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# Limits of combined functions: piecewise functions

This video demonstrates that even when individual limits of functions f(x) and g(x) don't exist, the limit of their sum or product might still exist. By analyzing left and right-hand limits, we can determine if the limit of the combined functions exists and find its value.

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• In this video, it seems that main idea interferes with the limit properties video previously, and the traditional view of limits learned through most calculus texts. The general idea is the limit of sum is the same as the sum of the limits... If we then take the sum of each limit, each limit is DNE so how can we combine them in the traditional sense?
• The idea about the existence of the limit of a function at any value "p" is that the one sided limits as x -> p are equal. If we make the graph of the combined functions showed in the video we will see that the one sided limits are equal in the first and third case but not in the second. There will be a discontinuity when the limit doesn't exist.
• i can pass the test about this video but i will never understand the proof of this.can s1 explain?
• By combining f(x) and g(x) you are basically creating a new function that does not necessarily follow the same principles as the original functions.

Take for example:
f(x) = 1/(x-1)
g(x) = (x-1)^2
h(x) = f(x)*g(x) = ((x-1)(x-1))/(x-1) = x-1

If we wanted to calculate the limit of x->1 of f(x) we would get:
1/1-1 = 1/0, which is undefined

However, if we take this same limit from h(x) we would simply get 0, as the new function is x-1
• i cant understand if the limits dont exist how can we sum them ?
• We are finding the limit of a complex function, not the sum of two individual limits. If you add the two functions together you'll find out that the function is actually continuous.
• Can the limit ever exist if one function is continuous while the other isn't? I'm thinking if you had the same number for both the left approach and the right approach (from the continuous function) while having different numbers added (from the piece wise) you'd have different numbers for the left and right approach since you'd be adding a different number to the same number so you'd always come out with DNE for a couple of functions where one is continuous and one isn't?
• That's a really good question! Had me thinking for a solid 1 hour (mostly because I couldn't find more than one example to disprove it lol!)

There is a special case where if one function is continuous and the other isn't, the sum of limits will still exist. This only happens (as far as I know) with piecewise functions with point discontinuities. For example, if I have a continuous function f(x) and a discontinuous function g(x) which has a point discontinuity at x = 3, the limit as (f(x) + g(x)) tends to 3 will still exist, as the only difference between f(x) and g(x) is that in g(x), x=3 isn't in its domain.

In general though, the limit will indeed not exist, as, just like you said, you're adding/subtracting different numbers from the discontinuous function to the same number in the continuous one, hence yielding different numbers and thus, a non-existent limit.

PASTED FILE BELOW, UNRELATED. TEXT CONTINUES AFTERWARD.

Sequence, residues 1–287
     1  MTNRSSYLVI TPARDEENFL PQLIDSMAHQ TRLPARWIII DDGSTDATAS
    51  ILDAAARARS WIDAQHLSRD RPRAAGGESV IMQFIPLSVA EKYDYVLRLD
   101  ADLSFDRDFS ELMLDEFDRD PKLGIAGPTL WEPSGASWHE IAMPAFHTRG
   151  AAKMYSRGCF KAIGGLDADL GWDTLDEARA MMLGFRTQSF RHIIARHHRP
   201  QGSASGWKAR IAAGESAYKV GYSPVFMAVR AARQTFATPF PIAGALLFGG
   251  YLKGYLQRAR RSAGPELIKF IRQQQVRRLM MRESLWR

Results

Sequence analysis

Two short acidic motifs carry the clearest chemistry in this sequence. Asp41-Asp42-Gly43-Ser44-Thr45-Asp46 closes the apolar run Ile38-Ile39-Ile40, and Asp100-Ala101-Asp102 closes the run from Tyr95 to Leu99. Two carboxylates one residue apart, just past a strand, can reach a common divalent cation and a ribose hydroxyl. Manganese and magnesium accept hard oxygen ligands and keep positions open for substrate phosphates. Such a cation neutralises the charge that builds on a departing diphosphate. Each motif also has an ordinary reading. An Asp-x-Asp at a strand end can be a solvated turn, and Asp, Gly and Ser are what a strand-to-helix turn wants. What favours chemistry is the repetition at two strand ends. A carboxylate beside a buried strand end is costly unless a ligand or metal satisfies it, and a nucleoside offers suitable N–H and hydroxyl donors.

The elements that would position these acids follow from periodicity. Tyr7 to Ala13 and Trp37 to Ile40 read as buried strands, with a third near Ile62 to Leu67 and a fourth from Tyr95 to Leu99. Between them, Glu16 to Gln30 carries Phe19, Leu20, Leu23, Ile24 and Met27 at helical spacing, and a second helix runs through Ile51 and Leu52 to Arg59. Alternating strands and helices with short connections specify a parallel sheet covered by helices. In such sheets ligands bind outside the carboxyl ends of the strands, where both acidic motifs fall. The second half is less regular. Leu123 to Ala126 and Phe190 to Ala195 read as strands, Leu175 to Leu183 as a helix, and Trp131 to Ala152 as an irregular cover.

• When dealing with combined functions, why do we need to check the limit as it approaches from the left side and right side?

Whereas in the later on composite function video, we do not have to check the limit as it approaches from the left side and right side? It makes sense, however I am having difficulty putting it into words.
• For a limit to exist, it has to a approach a certain value from both the right and left side, and when you have the limit of the sum or product of two functions, even if the limit of each function doesn't exist, the limit of the sum/product might still exist if it meets this condition.

Also, in the later video, Sal is taking the limit from the right and left side, if from both sides it approached a different value the limit wouldn't exist.
• So, in short, it doesn't matter if the individual limits exist, if the left and right of lim(f(x) + g (x) ) equal, there is a limit?
• The individual limit does exist. Take x -> -2 (f(x) + g(x)) for example. Think of (f(x) + g(x)) as a single function that can be represented by f(x) and g(x). If you combine them, you will realize both the limits approaching from the right and left are 4. So in general, view whatever inside the parenthesis as a single function THEN take the limit.
• At minute , as x approaches -2 from the positive side, doesn't the y value approach 3? The video says that the y value approaches 2 when x approaches -2 from the positive side. Is this a mistake, or am I missing something? Many thanks,
(1 vote)
• i think he corrected the video because it is correct as of now (which is three months aafter this comment)
• With respect to the first example, the question was straightforward, and the limit was undefined. Now, must we always prove the limit exists even if the question does not ask that?
(1 vote)
• well if ur taking the ap exam and ur doing one of the free response questions, then yeah. u always gotta analyze the limit from the left and right and then, seeing their the same,declare the limit exists.
• why does dividing with 0 result in DNE but multiplying by 0 does not?
(1 vote)
• Dividing any number by 0 is always undefined, but multiplying by 0 is always 0. So the limit only doesn't exist when Dividing by 0 because multiplying by 0 still results in a defined answer.